Ivor Tesham is a handsome, single, young member of Parliament whose political star is on the rise. When he meets a woman in a chance encounter–a beautiful, leggy, married woman named Hebe–the two become lovers obsessed with their trysts, spiced up by what the newspapers like to call “adventure sex.”
It’s the dress-up and role-play that inspire Ivor to create a surprise birthday present for his beloved that involves a curbside kidnapping. It’s all intended as mock-dangerous foreplay, but then things take a dark turn.
After things go horribly wrong, Ivor begins to receive anonymous letters that reveal astonishingly speci?c details about the affair and its aftermath. Somehow he must keep his role from being uncovered–and his political future from being destroyed by scandal.
Like a heretic on the inquisitor’s rack, Ivor is not to be spared the exquisitely slow and tortuous unfolding of events, as hints, nuances, and small revelations lay his darkest secrets hideously bare for all the world to see.
The Birthday Present is a deft, insightful, and compulsively readable exploration of obsessive desire–and the dark twists of fate that can shake the lives of even those most insulated by privilege, sophistication, and power.
From the Hardcover edition.
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It’s late spring of 1990 and a love affair is flourishing: between Ivor Tesham, a thirty-three year old rising star of Margaret Thatcher’s Conservative government, and Hebe Furnal, a stunning North London housewife stuck in a dull marriage. What excitement Hebe lacks at home, however, is amply compensated for by the well-bred and intensely attractive Tesham – an ardent womanizer and ambitious politican. On the eve of her twenty-eighth birthday, Tesham decides to give Hebe a present to remember: something far more memorable than, say, the costly string of pearls he’s already lavished upon her. Involving a fashionable new practice known as ‘adventure sex’, a man arranges for his unsuspecting but otherwise willing girlfriend to be snatched from the street, bound and gagged, and delivered to him at a mutually agreed venue ... Set amidst an age of IRA bombings, the first Gulf War, and sleazy politics, The Birthday Present is the gripping story of a fall from grace, and of a man who carries within him all the hypocrisy, greed and self-obsession of a troubled era.Review:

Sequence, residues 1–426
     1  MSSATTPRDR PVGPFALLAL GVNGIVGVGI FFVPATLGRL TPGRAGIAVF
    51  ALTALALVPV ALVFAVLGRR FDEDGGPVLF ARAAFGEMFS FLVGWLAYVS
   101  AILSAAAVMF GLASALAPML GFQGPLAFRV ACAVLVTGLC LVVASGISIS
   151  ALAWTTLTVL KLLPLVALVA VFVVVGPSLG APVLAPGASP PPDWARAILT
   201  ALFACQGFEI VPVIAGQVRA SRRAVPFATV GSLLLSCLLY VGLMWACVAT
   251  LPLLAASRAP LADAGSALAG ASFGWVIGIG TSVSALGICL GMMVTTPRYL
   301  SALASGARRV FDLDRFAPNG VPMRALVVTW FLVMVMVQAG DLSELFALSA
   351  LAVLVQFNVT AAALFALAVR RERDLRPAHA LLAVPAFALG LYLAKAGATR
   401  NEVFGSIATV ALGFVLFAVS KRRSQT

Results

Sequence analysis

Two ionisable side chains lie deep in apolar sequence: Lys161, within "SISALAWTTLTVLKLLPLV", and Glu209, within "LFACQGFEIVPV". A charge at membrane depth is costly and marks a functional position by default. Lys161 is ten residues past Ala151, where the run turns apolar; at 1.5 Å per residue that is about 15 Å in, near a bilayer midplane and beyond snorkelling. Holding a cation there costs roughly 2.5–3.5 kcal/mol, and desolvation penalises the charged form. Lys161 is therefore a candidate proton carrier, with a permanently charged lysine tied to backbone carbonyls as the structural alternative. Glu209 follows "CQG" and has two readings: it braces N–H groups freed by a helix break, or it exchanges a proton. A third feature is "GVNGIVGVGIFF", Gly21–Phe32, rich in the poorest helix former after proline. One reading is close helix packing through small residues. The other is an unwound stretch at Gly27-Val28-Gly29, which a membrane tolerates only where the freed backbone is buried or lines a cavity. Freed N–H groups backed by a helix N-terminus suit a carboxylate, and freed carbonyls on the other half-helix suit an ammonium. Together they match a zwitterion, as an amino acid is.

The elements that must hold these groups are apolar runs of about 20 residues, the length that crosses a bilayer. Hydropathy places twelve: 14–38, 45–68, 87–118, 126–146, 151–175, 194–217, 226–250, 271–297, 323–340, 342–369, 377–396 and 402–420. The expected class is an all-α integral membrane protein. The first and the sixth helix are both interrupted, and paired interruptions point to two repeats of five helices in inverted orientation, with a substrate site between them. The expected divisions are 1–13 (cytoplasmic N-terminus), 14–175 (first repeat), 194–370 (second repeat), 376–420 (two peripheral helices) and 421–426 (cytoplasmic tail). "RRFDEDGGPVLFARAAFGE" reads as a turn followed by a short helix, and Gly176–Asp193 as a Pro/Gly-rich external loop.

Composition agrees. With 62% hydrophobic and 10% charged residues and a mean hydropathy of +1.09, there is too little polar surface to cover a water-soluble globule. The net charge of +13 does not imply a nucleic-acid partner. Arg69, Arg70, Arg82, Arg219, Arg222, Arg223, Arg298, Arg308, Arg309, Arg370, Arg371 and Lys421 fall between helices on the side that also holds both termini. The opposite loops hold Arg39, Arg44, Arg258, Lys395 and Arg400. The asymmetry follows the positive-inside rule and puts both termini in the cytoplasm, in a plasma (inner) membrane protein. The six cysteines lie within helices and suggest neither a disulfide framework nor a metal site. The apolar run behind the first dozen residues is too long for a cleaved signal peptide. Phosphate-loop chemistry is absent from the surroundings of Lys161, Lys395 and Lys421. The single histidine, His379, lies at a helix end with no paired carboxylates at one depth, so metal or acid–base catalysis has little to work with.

Those who feel that Ruth Rendell's best writing is done under her Barbara Vine nom-de-plume (and there are many who do) will need little persuasion to pick up The Birthday Present. But the fact that this is something of a departure for the author -- under either of her names -- may give them pause.
Margaret Thatcher's days as prime minister are over, and the John Major era of the Conservative party is about to begin. The media is full of tales of sleaze and corruption, and it is not a good time to be a Tory Member of Parliament. However, Ivor Tesham is sanguine: money is no object to him; he is charismatic and attractive, and he is in the middle of a passionate affair. The fly in the ointment is the fact that this is an adulterous relationship: not a happy state of affairs when PM John Major has made 'Back to Basics' morality and 'Victorian Values' the new yardsticks for his variously philandering and kickback-taking MPs. Ivor and his lover -- the beautiful Hebe Furnal -- share a particular erotic predilection; a taste for bondage and the more risky extremes of sexuality. Ivor arranges for a mock kidnapping in line with the couple's games, but, needless to say (this is a Barbara Vine novel, after all), things quickly go pear-shaped, and Igor find that everything he holds dear is about to be stripped away from him.
As this synopsis suggests, Rendell is moving into even more incendiary territory than she has traversed before, and the political element makes the experiment even more piquant. Those who know Rendell's association with the Labour Party (she is a working peer) might assume that a novel which rekindles all the sleaze of the last Tory government (particularly when the latest incarnation of the party is riding high in the polls) is a political act, but Rendell/Vine is far too sophisticated a writer to fall into that trap. In fact, this is one of the most ingenious and disturbing books. As often before with her, the stake for the central character could not be higher and it is impossible not to be drawn into the plight of the beleaguered Ivor (not for the first time, we are reminded of the author’s distinguished American predecessor Patricia Highsmith). The Birthday Present,disturbing as it is, will sit happily on your shelves alongside all the other Barbara Vine titles -- and if you don't possess them, why not? --Barry Forshaw
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